Here’s a third example. The target on the left (which is the same one as the above right) has three .308 caliber holes that was about a 1 1/4″ group that was centered about 1/2 inch below and 1/2 inch to the right of the bulls eye. The target on the right was shot on 11/11/06 (almost seven months later). The first two shots grouped an inch apart but were 2 1/2 inches to the left of the bulls eye and three inches to the left and 1/2 inch above the 4/21/06 group. I then adjusted the scope and grouped two 3/4 inch apart and 1/4 inch below and 1/4 inch to the right of the bulls eye. I then switched to a Federal 180 grain Barnes X-Bullet and almost got a perfect bulls eye on the upper left target (I was running low on ammo so I only shot two shot groups and decided to only shoot one of the costly X-bullets).

Two other times I have had things go wrong due to no know reason. In March of 2003 I bought a Browning A-bolt. It is a .30-06 and has the BOSS accuracy tuner/muzzlebrake. I moved my Burris Signature scope (that I had on my Remington 700) onto the Browning. It shot one-inch groups. However, when I went back to the range a few months later it still shot one-inch groups, but they were exactly six inches to the right of the bulls eye! To my knowledge I hadn’t bumped the scope and certainly hadn’t dropped the rifle. I also hadn’t changed ammo or changed anything else. The Browning has a wood stock but a six inch change due to temperature and humidity changes is a bit much. I was perplexed to say the least.

When my son, Ryan, returned from Iraq he wanted the Browning badly. I sold it to him. He didn’t want the scope so I put it back on my Remington Model 700 and sighted it back in. I then went on the 3/10/06 – 3/12/06 Hog Hunt at the Y.O. Ranch (Charlie Batts’ place). I was hunting the feeder behind the camp. Charlie has a nicely built blind for two that is as solid as a rock. Like Tim, he has his feeder 64 yards away from his blind. At dusk I had a herd of hogs come in. I picked one out and squeezed the trigger. I saw the hog go down. I waited a few minutes and went to get the pig – but it wasn’t there. A search revealed blood under the feeder and another spot of blood about 20 yards away, but no pig.

Once again I went back to the range. Low and behold I once again grouped exactly six inches off to the right (which caused me to probably gut shoot the pig). Again, to my knowledge I hadn’t bumped the scope or dropped the rifle. I also hadn’t changed ammo or changed anything else.

This time I took the scope off of the rifle and shipped it back to Burris (they have a “Forever Warranty”). They couldn’t find anything wrong with it after taking it apart. They recharged it with nitrogen and sent it back to me.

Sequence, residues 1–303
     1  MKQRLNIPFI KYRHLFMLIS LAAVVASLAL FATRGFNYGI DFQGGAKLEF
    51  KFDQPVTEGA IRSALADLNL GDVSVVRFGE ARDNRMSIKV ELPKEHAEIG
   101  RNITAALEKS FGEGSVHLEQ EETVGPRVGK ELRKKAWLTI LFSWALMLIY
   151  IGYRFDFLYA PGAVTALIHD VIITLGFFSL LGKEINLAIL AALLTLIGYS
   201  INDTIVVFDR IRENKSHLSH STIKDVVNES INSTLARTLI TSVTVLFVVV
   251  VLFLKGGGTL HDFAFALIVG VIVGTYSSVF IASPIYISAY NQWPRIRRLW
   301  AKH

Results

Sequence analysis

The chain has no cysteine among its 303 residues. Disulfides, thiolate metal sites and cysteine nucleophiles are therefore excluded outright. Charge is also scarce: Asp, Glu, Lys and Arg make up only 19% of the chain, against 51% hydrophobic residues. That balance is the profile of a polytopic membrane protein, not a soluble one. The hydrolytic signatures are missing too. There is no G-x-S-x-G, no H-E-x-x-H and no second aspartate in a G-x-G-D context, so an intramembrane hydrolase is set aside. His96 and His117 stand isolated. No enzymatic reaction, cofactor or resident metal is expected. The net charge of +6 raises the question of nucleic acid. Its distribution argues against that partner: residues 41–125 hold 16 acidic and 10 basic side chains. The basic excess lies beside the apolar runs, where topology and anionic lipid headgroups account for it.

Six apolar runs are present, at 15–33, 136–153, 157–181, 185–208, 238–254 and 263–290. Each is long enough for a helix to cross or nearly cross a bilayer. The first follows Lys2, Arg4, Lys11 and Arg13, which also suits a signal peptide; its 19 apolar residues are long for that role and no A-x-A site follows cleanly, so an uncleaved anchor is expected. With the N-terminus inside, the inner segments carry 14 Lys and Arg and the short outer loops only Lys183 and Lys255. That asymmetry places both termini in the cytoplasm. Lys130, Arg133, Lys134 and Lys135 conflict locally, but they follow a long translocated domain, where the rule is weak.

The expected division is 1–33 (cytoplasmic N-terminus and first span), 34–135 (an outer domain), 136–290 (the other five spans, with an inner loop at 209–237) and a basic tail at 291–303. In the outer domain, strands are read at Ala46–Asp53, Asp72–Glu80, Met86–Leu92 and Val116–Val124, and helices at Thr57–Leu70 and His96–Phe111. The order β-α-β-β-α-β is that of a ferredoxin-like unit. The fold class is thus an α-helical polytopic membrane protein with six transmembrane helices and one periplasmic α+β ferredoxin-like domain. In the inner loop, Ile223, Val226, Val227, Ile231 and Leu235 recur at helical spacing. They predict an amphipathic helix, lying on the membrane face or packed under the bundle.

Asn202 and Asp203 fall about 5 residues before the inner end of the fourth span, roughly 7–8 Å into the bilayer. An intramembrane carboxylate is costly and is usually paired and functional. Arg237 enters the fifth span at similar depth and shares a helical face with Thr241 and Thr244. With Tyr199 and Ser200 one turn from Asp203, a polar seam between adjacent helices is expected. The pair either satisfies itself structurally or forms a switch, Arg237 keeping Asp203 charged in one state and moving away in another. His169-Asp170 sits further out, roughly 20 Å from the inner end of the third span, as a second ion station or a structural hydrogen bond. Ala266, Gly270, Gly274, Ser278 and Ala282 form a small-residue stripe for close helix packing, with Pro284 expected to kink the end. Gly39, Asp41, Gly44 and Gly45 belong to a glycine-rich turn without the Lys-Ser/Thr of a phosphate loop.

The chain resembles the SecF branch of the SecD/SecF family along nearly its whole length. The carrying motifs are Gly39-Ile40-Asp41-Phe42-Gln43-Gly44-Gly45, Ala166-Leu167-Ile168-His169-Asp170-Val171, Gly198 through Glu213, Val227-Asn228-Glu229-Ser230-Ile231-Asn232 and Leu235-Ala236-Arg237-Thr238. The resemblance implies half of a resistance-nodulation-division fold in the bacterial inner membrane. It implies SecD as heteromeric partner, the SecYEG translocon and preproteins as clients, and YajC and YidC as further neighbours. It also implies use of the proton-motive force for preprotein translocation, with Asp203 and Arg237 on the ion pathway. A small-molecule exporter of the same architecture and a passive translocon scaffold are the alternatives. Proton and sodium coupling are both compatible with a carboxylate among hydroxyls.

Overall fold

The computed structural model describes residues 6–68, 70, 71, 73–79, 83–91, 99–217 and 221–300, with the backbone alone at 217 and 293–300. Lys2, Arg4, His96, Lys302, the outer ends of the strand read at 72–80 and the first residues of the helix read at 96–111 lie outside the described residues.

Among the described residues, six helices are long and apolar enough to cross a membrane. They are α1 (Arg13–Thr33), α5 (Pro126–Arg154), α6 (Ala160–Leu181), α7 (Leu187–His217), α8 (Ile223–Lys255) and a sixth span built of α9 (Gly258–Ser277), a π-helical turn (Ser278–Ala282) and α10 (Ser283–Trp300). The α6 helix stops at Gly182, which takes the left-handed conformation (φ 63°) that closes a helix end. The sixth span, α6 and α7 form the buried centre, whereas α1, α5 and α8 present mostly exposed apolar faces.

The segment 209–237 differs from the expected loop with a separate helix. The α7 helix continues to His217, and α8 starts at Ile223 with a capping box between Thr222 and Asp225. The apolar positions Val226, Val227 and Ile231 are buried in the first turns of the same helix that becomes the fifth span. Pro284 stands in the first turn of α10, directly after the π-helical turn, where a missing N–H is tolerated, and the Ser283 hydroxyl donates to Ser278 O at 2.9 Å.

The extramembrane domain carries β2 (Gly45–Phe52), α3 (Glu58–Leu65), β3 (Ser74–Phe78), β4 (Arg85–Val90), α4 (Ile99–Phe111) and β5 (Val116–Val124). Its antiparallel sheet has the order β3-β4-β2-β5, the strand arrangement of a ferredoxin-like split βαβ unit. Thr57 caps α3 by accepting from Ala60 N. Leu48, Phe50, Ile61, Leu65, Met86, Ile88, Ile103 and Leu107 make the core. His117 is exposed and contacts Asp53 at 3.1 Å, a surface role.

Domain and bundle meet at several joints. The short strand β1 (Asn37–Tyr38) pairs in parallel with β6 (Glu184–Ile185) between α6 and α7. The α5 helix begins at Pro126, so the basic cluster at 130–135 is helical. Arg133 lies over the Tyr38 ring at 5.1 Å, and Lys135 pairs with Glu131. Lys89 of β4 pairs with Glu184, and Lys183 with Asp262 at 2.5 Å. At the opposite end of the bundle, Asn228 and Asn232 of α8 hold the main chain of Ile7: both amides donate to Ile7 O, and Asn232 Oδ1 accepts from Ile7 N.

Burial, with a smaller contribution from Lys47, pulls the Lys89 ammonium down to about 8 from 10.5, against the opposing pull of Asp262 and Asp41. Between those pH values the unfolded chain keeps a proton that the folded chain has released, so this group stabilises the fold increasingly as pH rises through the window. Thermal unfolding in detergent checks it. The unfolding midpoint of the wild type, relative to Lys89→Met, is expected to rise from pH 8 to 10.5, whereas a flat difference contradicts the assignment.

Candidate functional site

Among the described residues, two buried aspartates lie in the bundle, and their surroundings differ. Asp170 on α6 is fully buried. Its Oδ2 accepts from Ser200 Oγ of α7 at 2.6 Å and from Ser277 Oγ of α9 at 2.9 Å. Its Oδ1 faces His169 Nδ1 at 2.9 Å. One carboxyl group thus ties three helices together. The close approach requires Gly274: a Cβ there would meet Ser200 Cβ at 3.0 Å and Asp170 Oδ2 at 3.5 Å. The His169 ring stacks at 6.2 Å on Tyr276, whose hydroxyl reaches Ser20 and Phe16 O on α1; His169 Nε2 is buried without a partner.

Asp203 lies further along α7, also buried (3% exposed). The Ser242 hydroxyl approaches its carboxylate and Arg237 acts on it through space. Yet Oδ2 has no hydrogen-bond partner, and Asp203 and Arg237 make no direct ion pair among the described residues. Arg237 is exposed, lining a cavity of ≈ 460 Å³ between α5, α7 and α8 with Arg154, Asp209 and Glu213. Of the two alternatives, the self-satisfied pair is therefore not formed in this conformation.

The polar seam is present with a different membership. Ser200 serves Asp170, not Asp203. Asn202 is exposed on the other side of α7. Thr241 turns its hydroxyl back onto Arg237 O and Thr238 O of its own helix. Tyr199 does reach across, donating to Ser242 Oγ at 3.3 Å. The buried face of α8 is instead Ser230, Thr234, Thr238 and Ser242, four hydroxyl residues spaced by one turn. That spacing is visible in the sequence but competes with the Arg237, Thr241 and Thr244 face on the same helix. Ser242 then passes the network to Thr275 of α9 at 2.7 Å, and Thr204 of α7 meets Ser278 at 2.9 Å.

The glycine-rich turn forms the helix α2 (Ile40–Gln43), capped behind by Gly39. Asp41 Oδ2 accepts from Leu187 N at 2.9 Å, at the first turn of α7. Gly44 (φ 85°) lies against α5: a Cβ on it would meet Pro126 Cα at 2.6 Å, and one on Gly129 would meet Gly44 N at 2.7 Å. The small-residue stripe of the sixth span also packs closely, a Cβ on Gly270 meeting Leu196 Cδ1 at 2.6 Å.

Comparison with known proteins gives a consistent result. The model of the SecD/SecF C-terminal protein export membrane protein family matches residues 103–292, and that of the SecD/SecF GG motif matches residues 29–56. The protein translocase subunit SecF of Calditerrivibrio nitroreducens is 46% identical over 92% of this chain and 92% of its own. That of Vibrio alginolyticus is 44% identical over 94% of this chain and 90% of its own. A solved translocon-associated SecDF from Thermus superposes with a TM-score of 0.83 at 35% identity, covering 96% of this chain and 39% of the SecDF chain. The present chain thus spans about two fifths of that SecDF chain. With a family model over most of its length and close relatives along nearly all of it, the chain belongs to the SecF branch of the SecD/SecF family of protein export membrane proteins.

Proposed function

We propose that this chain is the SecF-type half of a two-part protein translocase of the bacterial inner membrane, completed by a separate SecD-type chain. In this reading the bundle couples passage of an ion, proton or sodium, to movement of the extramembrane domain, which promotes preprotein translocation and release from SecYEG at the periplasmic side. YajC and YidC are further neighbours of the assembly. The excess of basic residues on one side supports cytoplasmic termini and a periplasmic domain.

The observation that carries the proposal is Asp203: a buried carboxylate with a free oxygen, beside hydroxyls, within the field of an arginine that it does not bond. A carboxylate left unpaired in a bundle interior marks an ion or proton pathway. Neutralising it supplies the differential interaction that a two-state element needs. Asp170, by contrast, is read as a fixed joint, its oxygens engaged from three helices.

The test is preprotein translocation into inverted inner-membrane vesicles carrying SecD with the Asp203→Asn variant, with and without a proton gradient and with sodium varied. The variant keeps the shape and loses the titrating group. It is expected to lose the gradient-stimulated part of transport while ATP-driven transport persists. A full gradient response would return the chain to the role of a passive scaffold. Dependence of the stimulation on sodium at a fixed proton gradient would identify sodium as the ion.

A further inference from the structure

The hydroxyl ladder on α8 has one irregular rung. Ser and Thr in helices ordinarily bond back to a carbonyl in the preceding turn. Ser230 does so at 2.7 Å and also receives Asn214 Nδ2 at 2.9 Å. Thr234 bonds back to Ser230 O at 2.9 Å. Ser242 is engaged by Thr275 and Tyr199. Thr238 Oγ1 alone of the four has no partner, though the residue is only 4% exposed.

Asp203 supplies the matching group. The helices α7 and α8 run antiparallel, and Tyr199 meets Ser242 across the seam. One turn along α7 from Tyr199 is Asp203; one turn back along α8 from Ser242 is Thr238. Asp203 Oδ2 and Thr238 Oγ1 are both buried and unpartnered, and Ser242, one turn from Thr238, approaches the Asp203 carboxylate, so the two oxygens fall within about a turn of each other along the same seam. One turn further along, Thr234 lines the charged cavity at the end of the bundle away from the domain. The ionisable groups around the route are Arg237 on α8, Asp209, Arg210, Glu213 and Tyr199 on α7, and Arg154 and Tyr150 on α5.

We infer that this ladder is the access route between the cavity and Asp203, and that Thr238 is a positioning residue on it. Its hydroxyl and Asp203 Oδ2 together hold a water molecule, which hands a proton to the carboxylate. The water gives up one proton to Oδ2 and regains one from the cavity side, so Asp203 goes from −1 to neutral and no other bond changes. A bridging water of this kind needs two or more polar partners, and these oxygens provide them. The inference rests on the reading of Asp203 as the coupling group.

The solution to this problem, I discovered, is to free float your barrel. Free floating keeps the barrel from contacting the wood. Because the wood does not contact the barrel it will not be affected by changes in temperature or humidity. You can do this yourself, but in my opinion this job is best suited for a qualified gunsmith. You can get it done for around $65. This can only be done for one-piece stocks.

Surprisingly to many shooters, different brands of ammunition can group several inches apart. Even shooting the same ammo with a different grain bullet (180 grain .30-06 instead of a 165 grain .30-06) or shooting the same bullet, but from a different lot number, can result in significant changes. Here are two examples. These two targets were shot on 3/23/07. I had only four rounds of Federal Fusions left so the left target was shot with Winchester Supreme 115 grain Silvertips in my .25-06 (the bottom two, far right, and top right holes were already on the target – I got lazy and used someone else’s target that they left on the target holder). The last time that I shot the Fusion’s I was right on. My first two rounds with the Winchester’s were three inches high and 1/2 inch to the right. I adjusted my scope a little too much and centered the next three rounds two inches below the bulls eye. Finally my last three rounds were center 1/2 inch above and 1/2 inch to the right of the bulls eye.

I decided to shoot my remaining four Federal .25-06 rounds at the bottom right diamond target of a ‘sight-in’ target, but missed the paper with my first two shots. I then switched to the bottom left diamond target and grouped my last two Fusion’s nicely (about 3/4 inches apart) but they were centered six and 1/2 inches to the right and one inch below where I was aiming! Remember, this is right after I sighted the gun in with the Winchesters. The Federals and the Winchesters were shooting six and 1/2 inches apart from the same gun during the same bench session! That would be enough for a clean miss if I were aiming at the neck of a deer.